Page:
A significant factor in the rapid development and testing of Selphi was the use of Almaden Genomics' g.nome platform which facilitated the testing of over 30 different parameter combinations, crucial for optimizing Selphi’s performance. The platform significantly reduced the iteration timeline , allowing the team to perform extensive testing in a fraction of the usual time. Additionally, g.nome's plug-and-play functionality and visually intuitive interface made it accessible for team members without extensive coding expertise, thus broadening the scope of participation within the team. Typically, setting up and iterating over bioinformatics pipelines can take weeks or even months; however, with g.nome, the team experienced a 70% reduction in runtime and a 25-fold reduction in runtime costs. This efficiency enabled the rapid deployment and optimization of Selphi, significantly accelerating the research process and allowing for the timely generation of high-quality data.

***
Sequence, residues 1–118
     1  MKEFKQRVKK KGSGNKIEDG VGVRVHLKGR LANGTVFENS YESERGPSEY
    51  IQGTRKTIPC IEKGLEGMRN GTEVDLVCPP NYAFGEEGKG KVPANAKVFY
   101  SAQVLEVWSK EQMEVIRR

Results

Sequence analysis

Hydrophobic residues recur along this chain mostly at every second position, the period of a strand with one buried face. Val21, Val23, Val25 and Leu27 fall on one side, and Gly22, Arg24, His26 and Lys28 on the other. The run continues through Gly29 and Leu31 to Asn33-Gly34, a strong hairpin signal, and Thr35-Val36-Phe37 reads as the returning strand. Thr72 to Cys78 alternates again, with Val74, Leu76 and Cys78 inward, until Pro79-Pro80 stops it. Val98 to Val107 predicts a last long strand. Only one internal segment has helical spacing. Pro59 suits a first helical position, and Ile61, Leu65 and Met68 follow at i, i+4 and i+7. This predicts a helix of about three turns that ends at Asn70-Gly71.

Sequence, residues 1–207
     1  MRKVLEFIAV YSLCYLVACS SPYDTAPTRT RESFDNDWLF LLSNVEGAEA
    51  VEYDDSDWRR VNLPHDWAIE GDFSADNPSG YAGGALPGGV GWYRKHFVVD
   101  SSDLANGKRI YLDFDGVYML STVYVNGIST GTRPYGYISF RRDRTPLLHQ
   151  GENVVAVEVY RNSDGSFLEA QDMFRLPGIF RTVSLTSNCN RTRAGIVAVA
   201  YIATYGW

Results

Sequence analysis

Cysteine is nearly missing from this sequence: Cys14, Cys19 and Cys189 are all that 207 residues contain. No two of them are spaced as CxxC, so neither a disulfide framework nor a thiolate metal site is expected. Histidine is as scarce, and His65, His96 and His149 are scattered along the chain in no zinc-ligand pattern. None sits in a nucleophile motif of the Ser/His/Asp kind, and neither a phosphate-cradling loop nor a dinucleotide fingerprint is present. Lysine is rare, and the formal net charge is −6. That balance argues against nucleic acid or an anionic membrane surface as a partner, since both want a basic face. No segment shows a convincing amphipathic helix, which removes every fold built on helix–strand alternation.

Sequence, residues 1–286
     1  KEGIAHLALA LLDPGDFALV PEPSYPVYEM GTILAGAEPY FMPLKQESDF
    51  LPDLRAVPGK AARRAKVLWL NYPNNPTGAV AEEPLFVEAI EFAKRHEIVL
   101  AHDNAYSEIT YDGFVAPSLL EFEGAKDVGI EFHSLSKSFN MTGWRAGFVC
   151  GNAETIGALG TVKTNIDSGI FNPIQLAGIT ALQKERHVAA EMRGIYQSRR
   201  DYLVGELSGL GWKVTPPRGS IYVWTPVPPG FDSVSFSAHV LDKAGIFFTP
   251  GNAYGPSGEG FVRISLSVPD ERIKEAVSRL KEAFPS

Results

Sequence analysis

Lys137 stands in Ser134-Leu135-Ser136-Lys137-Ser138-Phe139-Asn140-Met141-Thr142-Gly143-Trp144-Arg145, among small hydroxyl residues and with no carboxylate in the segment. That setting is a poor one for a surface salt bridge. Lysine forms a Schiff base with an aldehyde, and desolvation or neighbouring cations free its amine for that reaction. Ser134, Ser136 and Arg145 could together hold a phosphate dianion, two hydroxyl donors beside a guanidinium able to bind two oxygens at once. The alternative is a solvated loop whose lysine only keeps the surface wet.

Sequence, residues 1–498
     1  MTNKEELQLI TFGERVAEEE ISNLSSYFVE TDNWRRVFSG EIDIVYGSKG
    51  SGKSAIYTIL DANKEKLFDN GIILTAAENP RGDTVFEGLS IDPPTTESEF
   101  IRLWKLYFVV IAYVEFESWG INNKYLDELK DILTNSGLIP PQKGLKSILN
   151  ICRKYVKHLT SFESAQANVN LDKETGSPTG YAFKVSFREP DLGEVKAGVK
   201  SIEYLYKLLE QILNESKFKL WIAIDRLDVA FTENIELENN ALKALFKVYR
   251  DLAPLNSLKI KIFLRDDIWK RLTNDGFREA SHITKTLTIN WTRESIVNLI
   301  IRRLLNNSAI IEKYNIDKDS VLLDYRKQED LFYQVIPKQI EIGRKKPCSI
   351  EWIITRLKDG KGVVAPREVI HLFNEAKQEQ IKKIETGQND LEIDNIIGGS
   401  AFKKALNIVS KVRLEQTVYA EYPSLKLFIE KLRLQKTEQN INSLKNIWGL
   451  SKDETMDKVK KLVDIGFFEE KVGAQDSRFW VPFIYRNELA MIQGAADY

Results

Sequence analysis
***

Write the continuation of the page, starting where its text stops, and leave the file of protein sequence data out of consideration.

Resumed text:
Selphis-workflow-and-benchmarking-a-The-first-step-in-the-workflow-merges-the (1)

Selphi's workflow and benchmarking. (a) The first step in the workflow merges the reference panel and target data into a unified PBWT data structure (1). The algorithm then scans the reference panel searching for matches to reference haplotypes of a minimum length (2). At each marker, the algorithm retains the longest matches, prioritizing haplotypes with more total matches across the chromosome (3-4). Dynamic haplotype selection follows, where the matches are mapped and filtered to adjust the number of retained matches at each marker, based on the distribution of match lengths (5). An HMM forward-backward algorithm is employed (6). Transitions between variant states are utilized to compute weights for each haplotype at each marker. The weights aid in determining the significance of each haplotype within the population (7). The final step interpolates allele probabilities with the haplotypes from the reference panel (8). (b) Relative enrichment (red background) and depletion (green background) of error counts with respect to average for Beagle5.4 (blue), IMPUTE5 (magenta), Minimac4 (yellow) and Selphi (green) across chromosomes 1-22 of the 1000 Genomes Project (1KG) and for chromosome 20 of the TOPMed dataset. (c) Relative enrichment and depletion of error counts with respect to average and error count per sample for chromosomes 1-22 of the UK Biobank dataset. Map shows improvement in imputation accuracy across UK counties against Beagle5.4.